Anaerobic digestion I. The microbiology of anaerobic digestion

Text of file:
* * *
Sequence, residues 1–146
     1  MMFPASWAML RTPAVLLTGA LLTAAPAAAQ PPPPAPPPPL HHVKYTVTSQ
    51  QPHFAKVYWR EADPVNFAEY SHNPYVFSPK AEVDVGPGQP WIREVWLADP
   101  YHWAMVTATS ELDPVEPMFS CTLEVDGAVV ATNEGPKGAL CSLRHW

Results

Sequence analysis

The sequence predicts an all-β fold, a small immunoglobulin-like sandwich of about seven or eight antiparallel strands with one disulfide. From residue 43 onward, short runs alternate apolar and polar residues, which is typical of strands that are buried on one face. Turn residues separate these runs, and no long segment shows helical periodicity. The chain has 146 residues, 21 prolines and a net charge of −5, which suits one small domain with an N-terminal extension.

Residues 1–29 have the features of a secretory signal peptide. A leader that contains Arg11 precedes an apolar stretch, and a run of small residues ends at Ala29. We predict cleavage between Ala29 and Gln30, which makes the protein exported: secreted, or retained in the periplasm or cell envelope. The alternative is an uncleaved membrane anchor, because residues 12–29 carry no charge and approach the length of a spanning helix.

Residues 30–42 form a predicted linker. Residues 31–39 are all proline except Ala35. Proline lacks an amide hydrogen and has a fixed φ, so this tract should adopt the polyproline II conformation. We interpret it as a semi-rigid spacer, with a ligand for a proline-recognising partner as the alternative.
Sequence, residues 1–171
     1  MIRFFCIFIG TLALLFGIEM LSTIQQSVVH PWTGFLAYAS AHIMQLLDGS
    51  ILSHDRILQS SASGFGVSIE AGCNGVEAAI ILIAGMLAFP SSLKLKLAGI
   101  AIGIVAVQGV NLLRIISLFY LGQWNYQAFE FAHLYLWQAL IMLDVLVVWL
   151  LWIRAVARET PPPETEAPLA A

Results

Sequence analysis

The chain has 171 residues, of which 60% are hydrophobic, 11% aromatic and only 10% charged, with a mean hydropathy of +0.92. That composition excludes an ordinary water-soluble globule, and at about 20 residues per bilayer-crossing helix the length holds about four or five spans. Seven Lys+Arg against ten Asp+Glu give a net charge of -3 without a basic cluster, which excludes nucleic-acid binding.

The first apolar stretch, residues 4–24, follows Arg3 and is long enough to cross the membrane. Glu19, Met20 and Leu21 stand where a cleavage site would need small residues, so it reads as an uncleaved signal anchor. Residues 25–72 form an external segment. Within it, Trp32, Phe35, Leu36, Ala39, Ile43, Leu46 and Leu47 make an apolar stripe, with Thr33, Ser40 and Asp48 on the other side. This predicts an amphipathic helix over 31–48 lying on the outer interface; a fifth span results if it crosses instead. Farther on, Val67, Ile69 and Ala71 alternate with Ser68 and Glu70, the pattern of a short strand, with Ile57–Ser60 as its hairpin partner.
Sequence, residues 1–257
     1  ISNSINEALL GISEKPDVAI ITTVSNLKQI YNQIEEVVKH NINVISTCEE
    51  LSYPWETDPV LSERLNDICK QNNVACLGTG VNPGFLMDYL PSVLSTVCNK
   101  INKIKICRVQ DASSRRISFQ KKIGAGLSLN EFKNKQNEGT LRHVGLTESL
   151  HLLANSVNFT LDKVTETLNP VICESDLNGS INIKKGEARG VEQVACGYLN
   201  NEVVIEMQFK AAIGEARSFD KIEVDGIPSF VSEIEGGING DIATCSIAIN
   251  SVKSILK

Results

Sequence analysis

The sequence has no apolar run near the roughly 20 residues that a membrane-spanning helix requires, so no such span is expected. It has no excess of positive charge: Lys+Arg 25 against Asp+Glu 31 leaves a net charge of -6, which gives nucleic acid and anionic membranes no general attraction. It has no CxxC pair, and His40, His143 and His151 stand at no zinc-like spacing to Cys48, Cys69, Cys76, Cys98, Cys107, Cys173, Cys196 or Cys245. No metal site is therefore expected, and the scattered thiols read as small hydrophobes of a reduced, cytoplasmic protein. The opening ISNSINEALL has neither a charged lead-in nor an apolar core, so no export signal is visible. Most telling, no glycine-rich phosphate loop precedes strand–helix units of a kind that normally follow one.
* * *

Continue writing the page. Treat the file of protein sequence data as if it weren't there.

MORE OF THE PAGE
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<ul><li><p>Water Research Pergamon Press 1969. Vol. 3, pp. 385-416. Printed in Great Britain. </p><p>REVIEW PAPER </p><p>ANAEROBIC D IGEST ION </p><p>I. THE MICROBIOLOGY OF ANAEROBIC D IGEST ION </p><p>D. F. TOERIEN and W. H. J. HATTINGH </p><p>National Institute for Water Research, South African Council for Scientific and Industrial Research, P.O. Box 395, Pretoria, South Africa </p><p>(Received 20 November 1967) </p><p>INTRODUCTION </p><p>THE RAVIn increase in urbanization and industrialization necessitates the prevention of pollution of vital and limited water resources by providing adequate treatment of liquid wastes emanating from domestic and industrial sources. Waste pollutants are mostly dissolved and suspended organic materials. Biological processes, such as anaerobic digestion, are frequently used in the stabilization of such wastes (LAWRENCZ and McCARrY, 1967). Anaerobic digestion, a process also occurring widely in nature, can be defined as a biological process in which organic matter, in the absence of oxygen, is converted to methane and carbon dioxide. </p><p>Despite widespread use of anaerobic digestion of waste organic matter, the funda- mental microbiology and biochemistry of this process is still poorly understood and at an elementary level (AGARDY et al., 1963; WUHRMAN, 1964 ; LAWRENCE and MCCARTY, 1967), and McK_rNNEY (1962) has stated that "anaerobic digestion is the unchartered wilderness of sanitary engineering". WUHRMAN (1964) observed that the use of biological processes in water pollution abatement was characterized by "too much engineering and too little microbiology". </p><p>An attempt is made in this paper to present the current state of knowledge on the microbiology of anaerobic digestion, to discuss important findings, and to delineate areas in which fruitful research may be undertaken. </p><p>MICROBIOLOGICAL NATURE OF ANAEROBIC DIGESTION </p><p>Anaerobic digestion is usually considered to be a two-stage process consisting of acid-formation (liquefaction) and gas-formation (gasification) (FIo. 1). LAWRENCE and MCCARTY (1967) preferred to divide the process into three stages namely hydrolysis, acid-formation and gas-formation. At least two large, physiologically different, bacterial populations must be present for the overall conversion of organic matter to methane and carbon dioxide to occur. In the first stage, a heterogeneous group of microorganisms convert proteins, carbohydrates and lipids mainly into fatty acids by hydrolysis and fermentation (McCARTY, 1963). In the second stage, the end-products of the metabolism of the microorganisms of the first stage are converted to methane and carbon dioxide by a physiologically unique group of strict obligate anaerobic bacteria termed the methanogenic bacteria. </p><p>The terms "acid-formation" and "gas-formation" for the two stages of anaerobic </p><p>385 </p></li><li><p>386 D. F. TOERmN and W. H. J. HAa'r~Grl </p><p>digestion are misnomers, since not only acids are produced as metabolic end- products during the first stage, and not all the gas formed during anaerobic digestion is derived from the second stage. Acid-formation or liquefaction should therefore be named the non-methanogenic phase and gas-formation or gasification should be the methanogenic phase. The microbiology of these two phases will be discussed separately. </p><p>MICROBIOLOGY OF THE NON-METHANOGENIC PHASE </p><p>Kinds of microorganisms Not very much is known regarding the microbiology of the non-methanogenic phase </p><p>of anaerobic digestion. However, the presence of different physiological groups of microorganisms in this phase has been demonstrated and some pure culture studies have been carried out (TABLES 1, 3, 4). </p><p>Bacteria. The presence of coliforms, the proteus group, denitrifying, lipolytic and cellulolytic bacteria was reported by O'Shaughnessy in 1914. He also established that poorly digesting sewage sludge contained comparatively fewer denitrifying and </p><p>Comp~x organ~ molecu~| </p><p>Cellular material Non- methonogenic bacteria </p><p>Cellular material methono~llc bacteria </p><p>Methane and carbon dioxide </p><p>FIG. I. Schematic representation of anaerobic digestion. </p><p>lipolytic bacteria. GAUB (1924) isolated 16 aerobic and 5 facultative anaerobic bacteria, mostly intestinal types, from anaerobic sludge. HOTCHKISS (1924) indicated the presence of denitrifying, albumen digesting and H2S producing bacteria in the sludges from Imhoff tanks. SOPPELAND (quoted by RUCI-mOFT et aL, 1930) indicated the presence of different types of proteolytic bacteria, such as gelatin liquefiers and protein digesters. </p><p>HUNGArr (1950) and MAKI (1954) obtained strains of cellulolytic bacteria in pure culture during enumeration and isolation studies on cellulolytic bacteria that occurred in anaerobic digesters. The isolates of HUNGATE (1950) were gram-negative motile rods and diplorods, extremely variable in size and slightly curved, and some showed internal granules, usually at each end of a cell. The cells were non-sporeforming and the production of hydrogen and carbon dioxide clearly distinguished them from Bacteroides succinogenes, one of the predominant cellulolytic bacteria of the rumen. MArd (1954) isolated 10 cellulolytic pure cultures, one of which was a spore-former. The motile species were all peritrich flagellated. He suggested that the non-sporeforming and sporeforming types were probably related. </p><p>BUCK et aL (1953) isolated the facultative anaerobe Streptococcus diploidus and K ~ et al. (1953a,b) studied several aspects of the effect of mass inoculation of this organism into anaerobic digesters. They found that the bacterium functioned synergistically with other bacteria in the liquefaction and gasification of volatile sludge </p></li><li><p>Anaerobic Digestion--I. The Microbiology of Anaerobic Digestion 387 </p><p>solids. BUCK et al. (1954) isolated a bacterium from digesting sludge for which they proposed the name Bacillus endorhythmos. The classification of this bacterium in the genus Bacillus requires further investigation because of its vigorous anaerobic growth (HARKNESS, 1966). However, Bergey's Manual (BREED et aL, 1957) provides the inclusion of facultative anaerobic, catalase-positive sporeforming bacteria in the genus Bacillus. </p><p>TABLE 1. NON-METHANO</p></li><li><p>388 D.F. TOEa~N and W. H. J. H~TrnXGH </p><p>MCCARTY et al. (1962) isolated aerobic and facultative anaerobic bacteria such as Escherichia coli and Micrococcus varians from several digesters and they also tentatively identified Pseudomonas reptilivora, Sarcina lutea, Neisseria catarrhalis, Alcaligenes viscolactis and Alcaligenes faecalis. </p><p>ROEDmER (1960) suggested that the non-methanogenic bacteria were facultative anaerobes, and MCKINNEY (1962) commented that "the acid-formers are made up predominantly of facultative bacteria, with a few strict anaerobes. The ease of growth of the facultative bacteria give them an edge over the strict anaerobes". This concept was recently questioned by TOERIEN et al. (1967) who were of the opinion that aerobic and facultative anaerobic bacteria account for only a small proportion of the total bacterial population of anaerobic digesters. </p><p>COOKSON and BURBANK (1965) and BURBANK et al. (1966) developed anaerobic analytical techniques for the isolation of facultative anaerobic and obligate anaerobic bacteria from anaerobic digesters. COOKSON and BURBANK (1965) reported the culture of four bacteria, two of which were present in considerable numbers. Their four isolates included Escherichia coli, Clostridium carnofoetidum and two other bacterial species for which they proposed the names, Sarcina cooksonii and Bacillus knefelkampi. In a review of the bacteria of sewage treatment processes, H~a~KNESS (1966) suggested that Sarcina cooksonii was probably a facultative anaerobe and pointed out that the classification of Bacillus knefelkampi in the genus Bacillus was wrong because of its anaerobic nature and gram-negative reaction. COOKSON and BURBANK (1965) and BURBANK et al. (1966) reported that their Clostridium carnofoetidum isolate was able to produce methane under certain culturing conditions. This observation was in contrast to the general belief that methane production is characteristic of the specialized methanogenic bacteria only. The observed methane production suggested that the authors were probably not working with an absolutely pure culture since Pgrvrw and FREDm'rZ (1966) did not list methane production as a characteristic of Clostridium carnofoetidum. </p><p>In addition to Escherichia coli, Sarcina cooksonii, Bacillus knefelkampi and Clostri- dium carnofoetidum, BURBANK et al. (1966) isolated Pseudomonas denitrificans, other pseudomonads, a Klebsiella sp., a member of the Neisseriaceae and Serratia indicans. </p><p>TOE~EN (1967a,b) isolated a wide variety of aerobic and facultative anaerobic bacteria from anaerobic digesters receiving raw sludge by direct isolation and enrich- ment culture techniques. These isolates included aerobic and facultative anaerobic bacteria and one photosynthetic bacterium (TABLE 1). </p><p>Aerobic isolates from a digester acclimatized to a synthetic substrate, included Bacillus cereus, B. cereus var. mycoides, B. megaterium, B. pantothenticus, B. pumilus as well as several Pseudomonas spp. (HATnNGH et al., 1967). Species of the genera Pseudomonas, Aeromonas, Micrococcus, Bacillus, Alcaligenes and Escherichia, as well as some Actinomycetes were isolated by KOTZ~ et al. (1968) from digesters that received different substrates. </p><p>Recently, considerable numbers of Bacteroides and related obligate anaerobic bacteria were found to occur in anaerobic digesters (Post et aL, 1967). </p><p>The bacteria concerned with the non-methanogenic phase of anaerobic digestion include a wide range of physiological groups, from chemolithotrophic bacteria to chemo-organotrophic bacteria and photo-organotrophic bacteria, but whether all the different isolates obtained by various workers are physiologically significant in the </p></li><li><p>Anaerobic Digestion--I. The Microbiology of Anaerobic Digestion 389 </p><p>digestion process still remains to be determined. Some of these bacteria, such as the obligate aerobic nitrifying bacteria detected by HOTCRrdSS (1924), may have been "contaminating" organisms introduced via the digester input, and were probably present in a resting state. </p><p>Protozoa. Protozoa have frequently been observed in anaerobic digesters, but do not occur in large numbers, a fact which precludes a significant role in normal anaerobic digestion (LAcKeY, 1949). LACKEY (1925) and LW.BMAN (1936) indicated that about 18 species of protozoa may be observed in anaerobic digestion, consisting of roughly </p><p>TABLE 2. GENERA OF FUNGI WHICH HAVE BEEN DETECTED IN DIGESTING OR DRYING SLUDGES* </p><p>Phycomycetes </p><p>Mucor Rhizopus Syncephalastrum Zygorhynchus </p><p>Ascomycetes </p><p>Allescheria Ascophanus Eurotium Pseudoplea Sartoria Aspergillus Subbaromyces Talaromyces Thielavia </p><p>Fungi Imperfecti </p><p>Acremonium Aspergillus </p><p>f </p><p>Fungi Imperfecti (cont) </p><p>Penicillium Cephalosporium Geotrichum Gliocladium Paecilomyces Scopulariopsis Sepedonium Spicaria Trichoderma </p><p>* Trichothecium Alternaria Cladosporium harargarinomyces Memnoniella Humicola Phialophora Pullularia Stachybotrys Epicoccum Fusarium Myrothecium </p><p>* According to COOKE (1957, 1963) </p><p>equal numbers of flagellates, ciliates and amoebae. Flagellates belonging to the genera Trepomonas, Tetramitus and Trigomonas, amoebae belonging to the genera Vahlkamp- fia and Hartmanella, and ciliates belonging to the genera Metopus, Trimyena and Saprodinium were observed (LACKEY, 1949). </p><p>Fungi. The occurrence of a wide range of fungi (molds and yeasts) in polluted waters, and in sewage and sewage treatment systems has been demonstrated by COOKE (1954, 1957, 1959, 1961, 1963, 1965a, b). The most important genera from which species were isolated from digesting sludge, scum of digesting sludge or drying sludge are presented in TABLE 2. </p><p>CooI~ (1965b) reported that large populations of filamentous fungi and yeasts were added to his digestion system with each batch of settled sewage, slurry of activated sludge and fish-meal, or slurry or unsterilized fish-meal. As the sludge passed through the digester the original inoculum of filamentous fungi and yeast cells was not killed </p></li><li><p>390 D.F. TOERIEN and W. H. J. HATTINGH </p><p>TABLE 3. MAGNITUDES OF NUMBERS OF NON=METHANOGENIC BACTERIA ENUMERATED DURING THE YEARS 1900-1930 </p><p>Bacterial group Numbers x 10 a ml Reference </p><p>Coli group 7 Coli group 29-60 Proteus 100 Denitrifiers 0'5 Denitrifiers 223 Ammoniafying I000 Lipolytic bacteria 10 Proteolytic (gelatin liquefiers) 1000 Proteolytic (gelatin liquefiers) 1500 Proteolytic (albumen digesters) I000 Proteolytic (albumen digesters) 19 Proteolytic (protein digesters) 2800 Cellulolytic 100 Cellulolytic 0-22 Total counts (aerobic) 130,000 Total counts (aerobic) 2400-6400 Total counts (aerobic) 65,000 Total counts (aerobic) 1000-60,000 Nitrite formers 0.1 Nitrite formers 3 Nitrate formers 0-1 Nitrate formers 2 Sulfate reducers 1000 Sulfate reducers 21 H2S producers (from protein) 140 </p><p>O'SEmuGHNESSY (1914) GAUB (1924) O'SHAUGHNESSY (1914) O'SrtAUGHNESSY (1914) HOTCHKISS (1924) GAtm (1924) O'SHAuGHNESSY (1914) GAUB (1924) SOPPELAND quoted by RLrCHHOI~r et al. (1930) GAtm (1924) HOTCHKISS (1924) SOPPELAND quoted by RucI-mor'r et al. (1930) O'SHAuGH,'WeSSY (1914) SOPPELAND quoted by Rucrmor'r et al. (1930) O'SI-IAUOHNESSY (1914) GAUB (1924) SOPPELAND quoted by Rucm-IOrT et al. (1930) RUDOLFS et al. (1926) GAtm (1924) HOTCHKISS (1924) GAtm (1924) HOTCI-mlSS (1924) GAtm (1924) HOTCRKISS (1924) HOTCHKISS (1924) </p><p>and some species even multiplied. In a digester which received a sterile fish-meal feed, some fungi were still active after seven complete digester replacements, but others did not survive the process. COOKE (1965b) found that fermentative yeasts were the first to disappear during these experiments but the filamentous species persisted, although incapable of fermenting sugars and being non-cellulolytic. Cooke concluded that fungi, </p><p>TABLE 4. MAGNITUDES OF NON-METHANOGENIC BACTERIA ENUMERATED SINCE 1930 </p><p>Bacterial group Feed of digester Numbers x 103 ml References </p><p>Total counts (aerobic) Total counts (aerobic) Total counts (microscopic) Total counts (aerobic) Total counts (anaerobic) Total counts (aerobic) Proteolytic bacteria (aerobic) Lipolytic bacteria (aerobic) Cellulolytic bacteria (anaerobic) Cellulolytic bacteria (anaerobic) Leptospira sp. </p><p>Fatty acids 2000-20,000 McC~tTYetal . (1962) Carbohydrate 15,000-350,000 McCARTYetaI.(1962) Sewage sludge 60,000 B ~ et a1.(1966) Carbohydrates and wastes 3000-300,000 KOTZ~ et al. (1968) Synthetic substrate 390,000-15,000,000 Tom~.mN et aL (1967) Synthetic substrate 800-100,000 To~ et al. (1967) Carbohydrates and wastes 100-9000 KOT~ et al. (1968) Carbohydrates and wastes 20-160 KOT~ et al. (1968) Sewage sludge 0-8-2.0 HU~GATE (1950) Sewage sludge 16-970 MA~ (1954) Sewage sludge 1 M.~d (1954) </p></li><li><p>Anaerobic Digestion--I. The Microbiology of Anaerobic Digestion 391 </p><p>including yeasts and molds, might be taking part in the digestion process to the extent of obta...</p></li></ul>